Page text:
Compiled by: Lilya Popovetsky, MA SpEd, CAS, SDA
- Use good speech that is clear and simple for your child to model.
- Repeat what your child says indicating that you understand. Build and expand on what was said. “Want juice? I have juice. I have apple juice. Do you want apple juice?”
- Use baby talk only if needed to convey the message and when accompanied by the adult word. “It is time for din-din. We will have dinner now.”
- Make a scrapbook of favorite or familiar things by cutting out pictures. Group them into categories, such as things to ride on, things to eat, things for dessert, fruits, things to play.
- Help your child understand and ask questions. Play the yes-no game. Ask questions such as “Are you a boy?” “Are you Marty?” “Can a pig fly?” Encourage your child to make up questions and try to fool you.
- Ask questions that require a choice. “Do you want an apple or an orange?” “Do you want to wear your red or blue shirt?”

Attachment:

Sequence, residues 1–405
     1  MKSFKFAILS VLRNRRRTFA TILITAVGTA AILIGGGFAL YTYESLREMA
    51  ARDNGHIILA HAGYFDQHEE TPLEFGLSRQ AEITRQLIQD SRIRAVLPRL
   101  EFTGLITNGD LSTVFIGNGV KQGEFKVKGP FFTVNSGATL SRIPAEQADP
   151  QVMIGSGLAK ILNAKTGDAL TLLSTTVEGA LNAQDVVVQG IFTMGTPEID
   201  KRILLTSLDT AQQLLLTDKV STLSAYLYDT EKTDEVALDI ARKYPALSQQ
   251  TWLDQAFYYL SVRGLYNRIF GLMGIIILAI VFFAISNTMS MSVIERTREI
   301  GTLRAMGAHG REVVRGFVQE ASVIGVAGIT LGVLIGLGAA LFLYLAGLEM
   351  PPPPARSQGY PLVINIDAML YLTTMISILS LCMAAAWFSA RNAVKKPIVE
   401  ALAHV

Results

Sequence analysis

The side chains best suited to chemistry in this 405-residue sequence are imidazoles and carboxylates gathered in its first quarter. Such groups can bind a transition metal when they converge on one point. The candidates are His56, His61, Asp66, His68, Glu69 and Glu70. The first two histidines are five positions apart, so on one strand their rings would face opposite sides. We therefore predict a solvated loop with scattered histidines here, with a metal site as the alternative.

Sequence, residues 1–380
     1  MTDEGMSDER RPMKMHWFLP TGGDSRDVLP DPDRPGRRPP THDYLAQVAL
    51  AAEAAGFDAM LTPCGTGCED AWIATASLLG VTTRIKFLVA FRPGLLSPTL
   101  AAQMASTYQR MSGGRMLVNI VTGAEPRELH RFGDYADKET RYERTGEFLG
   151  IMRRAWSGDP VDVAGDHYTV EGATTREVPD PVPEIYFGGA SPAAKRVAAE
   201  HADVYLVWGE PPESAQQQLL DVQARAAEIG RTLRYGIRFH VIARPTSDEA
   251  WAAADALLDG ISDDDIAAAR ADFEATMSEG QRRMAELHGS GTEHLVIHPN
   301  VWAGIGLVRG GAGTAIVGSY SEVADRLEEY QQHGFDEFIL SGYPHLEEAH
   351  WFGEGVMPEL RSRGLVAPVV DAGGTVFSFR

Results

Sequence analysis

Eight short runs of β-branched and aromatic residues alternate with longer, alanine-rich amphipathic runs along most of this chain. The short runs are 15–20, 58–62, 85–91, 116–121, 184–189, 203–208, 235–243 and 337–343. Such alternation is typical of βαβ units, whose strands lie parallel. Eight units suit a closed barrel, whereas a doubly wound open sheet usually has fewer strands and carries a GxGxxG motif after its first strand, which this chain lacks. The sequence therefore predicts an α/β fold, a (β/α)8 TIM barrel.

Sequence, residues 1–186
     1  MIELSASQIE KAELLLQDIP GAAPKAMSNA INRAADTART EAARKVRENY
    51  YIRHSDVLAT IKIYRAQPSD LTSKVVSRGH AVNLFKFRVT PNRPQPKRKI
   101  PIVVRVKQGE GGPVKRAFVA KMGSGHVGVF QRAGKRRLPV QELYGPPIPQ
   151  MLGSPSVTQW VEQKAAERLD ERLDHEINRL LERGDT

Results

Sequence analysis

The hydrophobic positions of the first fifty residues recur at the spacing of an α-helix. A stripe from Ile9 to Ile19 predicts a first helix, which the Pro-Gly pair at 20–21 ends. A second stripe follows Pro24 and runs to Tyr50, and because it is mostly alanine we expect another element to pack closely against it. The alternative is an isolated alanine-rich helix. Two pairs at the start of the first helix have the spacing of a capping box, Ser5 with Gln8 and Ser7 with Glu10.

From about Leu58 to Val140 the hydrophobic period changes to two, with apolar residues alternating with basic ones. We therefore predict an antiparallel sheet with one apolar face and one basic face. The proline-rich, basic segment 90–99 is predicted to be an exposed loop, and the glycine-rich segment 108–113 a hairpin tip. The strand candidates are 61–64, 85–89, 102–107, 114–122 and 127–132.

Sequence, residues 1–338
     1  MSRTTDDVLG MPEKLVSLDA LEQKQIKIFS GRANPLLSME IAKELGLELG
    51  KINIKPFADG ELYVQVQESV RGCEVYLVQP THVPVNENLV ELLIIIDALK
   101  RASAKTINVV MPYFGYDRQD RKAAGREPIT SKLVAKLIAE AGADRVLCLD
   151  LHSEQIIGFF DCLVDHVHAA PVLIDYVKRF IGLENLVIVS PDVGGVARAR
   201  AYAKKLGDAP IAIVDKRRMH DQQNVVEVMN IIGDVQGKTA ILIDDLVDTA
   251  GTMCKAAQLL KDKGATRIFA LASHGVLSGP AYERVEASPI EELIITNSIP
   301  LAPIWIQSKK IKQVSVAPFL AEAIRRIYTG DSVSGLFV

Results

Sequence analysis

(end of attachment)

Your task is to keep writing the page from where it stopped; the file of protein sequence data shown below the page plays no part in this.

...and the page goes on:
- Expand vocabulary. Name body parts, and identify what you do with them. “This is my nose. I can smell flowers, brownies, popcorn, and soap.”
- Sing simple songs and recite nursery rhymes to show the rhythm and pattern of speech.
- Place familiar objects in a container. Have your child remove the object and tell you what it is called and how to use it. “This is my ball. I bounce it. I play with it.”
- Use photographs of familiar people and places, and retell what happened or make up a new story.
Lilya Popovetsky, MA SpEd, CAS, SDA is the founder of A Multilingual Development Agency, an Early Intervention agency for children from birth to three years old in Nassau County, NY.She obtained a Master’s Degree from Columbia University’s Teacher’s College in Early Childhood Special Education, with a dual certification in General Education.Lilya went on to complete two educational administration degrees from Hofstra University.